Movement drives plot of Unbound play

Unbound will perform the play “Rappaccini’s Daughter” in the Kenyon club room on the weekend of Dec. 5. The play proved challenging for its cast due to its bold use of movement. Photo By: Sam Pianell
Unbound will perform the play “Rappaccini’s Daughter” in the Kenyon club room on the weekend of Dec. 5. The play proved challenging for its cast due to its bold use of movement. Photo By: Sam Pianell
Unbound will perform the play “Rappaccini’s Daughter” in the Kenyon club room on the weekend of Dec. 5. The play proved challenging for its cast due to its bold use of movement. Photo By: Sam Pianello

Friday, Dec. 5 kicks off a weekend full of theater and arts productions at Vassar. Beginning at 7 p.m. in the Kenyon Club Room, it will also launch the weekend of performances for Unbound’s fall play, “Rappaccini’s Daughter.” The director, Talia Feldberg ’16, wrote in an emailed statement about her choice to stage the play, “Over the summer, I was looking for a play to direct this semester and my research turned ‘Rappaccini’ up. The next day I went to the library, read it, and knew it was the right play.”

As to what specifically moved her about this particular play, Feldberg wrote, “The beautiful language and really vivid re-imagining of Nathaniel Hawthorne’s strange, gothic story [drew me to the material].” Colby Byrne ’18 also commented on the same aspects which inspired Feldberg to direct “Rappaccini’s Daughter.” “…It’s been different from my past theatrical experiences because the show is a straight play that relies heavily on movement and very expressive language/narration,” he wrote in an emailed statement.

What sets this play apart from the others this fall is the choreographed movement aspect of it. Byrne wrote, “I’m most excited for the audience to experience Rappaccini’s garden (which is played by actual people) and the intimate nature of the play… My favorite parts of the show are the various movement sections of the play where the messengers interact with each other and the audience.”

Feldberg as well commented on this novel characteristic of the show, “This is the first time I’ve done a movement-heavy piece and worked with a choreographer (we actually have two), and it’s been a really positive and helpful experience.” Especially for a student-directed project, the production is ambitious. Its relatively large scale, however, proved one of the more difficult aspects for its actors and creator. “Kenyon Club Room is a great space, but it definitely [has] challenges. Scheduling a cast of 11 is also very hard, but that has less my challenge than that of my wonderful stage manager, Bethan Johnson [’15,]” wrote Feldberg.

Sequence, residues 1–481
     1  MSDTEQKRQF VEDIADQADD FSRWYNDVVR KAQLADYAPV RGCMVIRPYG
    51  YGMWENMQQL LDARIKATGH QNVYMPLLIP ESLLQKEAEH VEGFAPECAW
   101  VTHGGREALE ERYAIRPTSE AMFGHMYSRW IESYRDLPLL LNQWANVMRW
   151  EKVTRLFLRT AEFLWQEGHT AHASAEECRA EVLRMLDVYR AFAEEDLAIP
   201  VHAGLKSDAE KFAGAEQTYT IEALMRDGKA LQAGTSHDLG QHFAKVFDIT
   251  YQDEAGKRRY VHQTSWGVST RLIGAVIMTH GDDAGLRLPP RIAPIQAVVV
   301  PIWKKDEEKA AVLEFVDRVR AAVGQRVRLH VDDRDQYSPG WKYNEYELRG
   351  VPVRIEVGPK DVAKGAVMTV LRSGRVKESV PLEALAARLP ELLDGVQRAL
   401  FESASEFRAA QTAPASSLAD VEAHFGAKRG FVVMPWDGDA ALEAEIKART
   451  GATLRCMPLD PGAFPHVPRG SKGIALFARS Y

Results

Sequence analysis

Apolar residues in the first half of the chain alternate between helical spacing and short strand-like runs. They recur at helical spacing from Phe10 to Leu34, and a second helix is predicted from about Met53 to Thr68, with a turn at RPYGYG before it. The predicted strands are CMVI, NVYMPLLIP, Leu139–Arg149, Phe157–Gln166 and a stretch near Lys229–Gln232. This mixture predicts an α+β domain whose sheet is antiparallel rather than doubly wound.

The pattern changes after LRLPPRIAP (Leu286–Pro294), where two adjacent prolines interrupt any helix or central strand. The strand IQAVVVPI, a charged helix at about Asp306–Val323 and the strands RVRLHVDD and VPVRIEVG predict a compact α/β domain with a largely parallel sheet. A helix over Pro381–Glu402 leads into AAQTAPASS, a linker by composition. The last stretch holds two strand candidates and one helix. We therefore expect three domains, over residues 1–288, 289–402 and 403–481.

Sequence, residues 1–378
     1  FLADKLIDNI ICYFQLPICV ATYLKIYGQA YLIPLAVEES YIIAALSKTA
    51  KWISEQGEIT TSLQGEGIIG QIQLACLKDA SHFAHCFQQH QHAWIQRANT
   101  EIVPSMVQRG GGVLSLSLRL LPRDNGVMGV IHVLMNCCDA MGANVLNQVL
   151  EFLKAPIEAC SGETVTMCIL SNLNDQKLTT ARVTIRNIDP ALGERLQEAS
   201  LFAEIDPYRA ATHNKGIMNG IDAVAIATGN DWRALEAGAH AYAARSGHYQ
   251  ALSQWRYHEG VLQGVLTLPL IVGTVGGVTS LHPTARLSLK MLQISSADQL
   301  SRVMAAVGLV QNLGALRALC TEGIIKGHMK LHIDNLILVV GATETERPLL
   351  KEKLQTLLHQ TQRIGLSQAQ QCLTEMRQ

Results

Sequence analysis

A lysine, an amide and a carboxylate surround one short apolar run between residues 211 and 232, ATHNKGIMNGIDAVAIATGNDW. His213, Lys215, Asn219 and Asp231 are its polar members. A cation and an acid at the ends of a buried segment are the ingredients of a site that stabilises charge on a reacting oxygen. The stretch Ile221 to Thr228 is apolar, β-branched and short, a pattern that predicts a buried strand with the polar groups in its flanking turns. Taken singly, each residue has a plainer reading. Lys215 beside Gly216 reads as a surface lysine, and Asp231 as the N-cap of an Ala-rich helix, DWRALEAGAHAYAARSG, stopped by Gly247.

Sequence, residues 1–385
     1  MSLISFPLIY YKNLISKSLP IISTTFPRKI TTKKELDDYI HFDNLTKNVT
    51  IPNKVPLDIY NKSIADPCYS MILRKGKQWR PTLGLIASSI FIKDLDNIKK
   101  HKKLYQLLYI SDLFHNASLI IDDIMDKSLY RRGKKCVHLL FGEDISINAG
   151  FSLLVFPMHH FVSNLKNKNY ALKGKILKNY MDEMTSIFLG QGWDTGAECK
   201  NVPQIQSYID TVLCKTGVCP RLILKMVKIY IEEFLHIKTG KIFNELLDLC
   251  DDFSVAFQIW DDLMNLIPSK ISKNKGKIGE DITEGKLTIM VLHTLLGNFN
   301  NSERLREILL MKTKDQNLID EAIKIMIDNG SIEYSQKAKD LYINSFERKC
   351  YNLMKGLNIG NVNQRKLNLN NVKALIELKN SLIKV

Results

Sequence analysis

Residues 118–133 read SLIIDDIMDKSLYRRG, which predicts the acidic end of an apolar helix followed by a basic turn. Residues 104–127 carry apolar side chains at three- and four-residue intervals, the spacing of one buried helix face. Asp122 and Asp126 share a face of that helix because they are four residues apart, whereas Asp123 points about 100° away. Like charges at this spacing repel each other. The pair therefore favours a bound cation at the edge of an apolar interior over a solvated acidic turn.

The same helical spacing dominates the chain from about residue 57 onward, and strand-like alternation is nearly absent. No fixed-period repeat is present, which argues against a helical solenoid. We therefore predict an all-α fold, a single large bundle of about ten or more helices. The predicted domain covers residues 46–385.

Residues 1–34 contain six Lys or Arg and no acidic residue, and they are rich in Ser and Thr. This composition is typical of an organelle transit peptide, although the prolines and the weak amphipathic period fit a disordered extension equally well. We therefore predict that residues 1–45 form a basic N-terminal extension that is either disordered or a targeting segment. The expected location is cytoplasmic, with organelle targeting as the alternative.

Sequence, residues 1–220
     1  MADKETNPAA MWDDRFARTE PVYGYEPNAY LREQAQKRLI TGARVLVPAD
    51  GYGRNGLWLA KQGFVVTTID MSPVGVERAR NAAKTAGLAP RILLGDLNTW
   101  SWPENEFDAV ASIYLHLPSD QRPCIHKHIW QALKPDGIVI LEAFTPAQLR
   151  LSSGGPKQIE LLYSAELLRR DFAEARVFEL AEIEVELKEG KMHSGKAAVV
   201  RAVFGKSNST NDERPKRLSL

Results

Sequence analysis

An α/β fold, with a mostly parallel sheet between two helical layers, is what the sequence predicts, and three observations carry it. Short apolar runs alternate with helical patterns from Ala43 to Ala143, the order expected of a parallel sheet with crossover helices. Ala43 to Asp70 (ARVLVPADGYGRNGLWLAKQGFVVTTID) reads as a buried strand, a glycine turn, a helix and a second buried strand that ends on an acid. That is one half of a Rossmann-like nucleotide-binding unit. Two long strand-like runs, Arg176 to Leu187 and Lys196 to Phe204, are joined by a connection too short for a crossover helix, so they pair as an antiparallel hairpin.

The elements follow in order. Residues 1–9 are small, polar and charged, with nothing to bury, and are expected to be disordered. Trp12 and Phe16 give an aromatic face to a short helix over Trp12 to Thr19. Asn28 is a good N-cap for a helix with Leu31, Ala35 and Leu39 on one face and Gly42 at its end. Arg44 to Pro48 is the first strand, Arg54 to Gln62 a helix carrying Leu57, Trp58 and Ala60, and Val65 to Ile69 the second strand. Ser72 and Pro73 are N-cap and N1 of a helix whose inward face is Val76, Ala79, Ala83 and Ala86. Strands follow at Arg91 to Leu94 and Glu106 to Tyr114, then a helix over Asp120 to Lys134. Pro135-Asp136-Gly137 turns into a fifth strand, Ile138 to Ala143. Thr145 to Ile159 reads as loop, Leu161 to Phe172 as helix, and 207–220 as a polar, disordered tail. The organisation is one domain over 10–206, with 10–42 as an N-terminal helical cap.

An actor in “Rappaccini’s Daughter,” Elizabeth Fetterolf ’17, found the specific demands of the part to be demanding given what she feels to be her natural limitations. “Probably the movement sequences [were the biggest challenge of acting in the play] since I don’t have any kind of a dance/movement background and am a little bit of a klutz,” said Fetterolf via email.

Feldberg attributes her ability to conceive and help create such an offbeat and ambitious project, which includes an innovative use of movement, to the varied and deep selection of classes Vassar offers. She wrote, “I’m a drama major, which means I’ve taken a variety of classes related to theatre. I’ve had really great experiences in some collaborative, pretty multidisciplinary classes in that department, and I think that work has influenced my directing,”

Like the director’s past experiences at VC, as a freshman and cast member, Byrne saw the production as a chance to broaden his horizons in the realm of theater. “I auditioned for this show originally because I was very involved in theatre throughout my four years in high school and I knew I wanted to be a part of student theatre here at Vassar and ‘Rappaccini’s Daughter’ sounded like a pretty different kind show from the ones I’ve performed in in the past/a fun time,” wrote Byrne.

The drive to make “Rappaccini’s Daughter” came from the most basic artistic desire: to spin a great yarn for the audience to enjoy. “I’m always trying to get better at making theatre, and I like to hope I have. I do theatre because I like to tell stories and I just want to tell this one the best way I can,” wrote Feldberg

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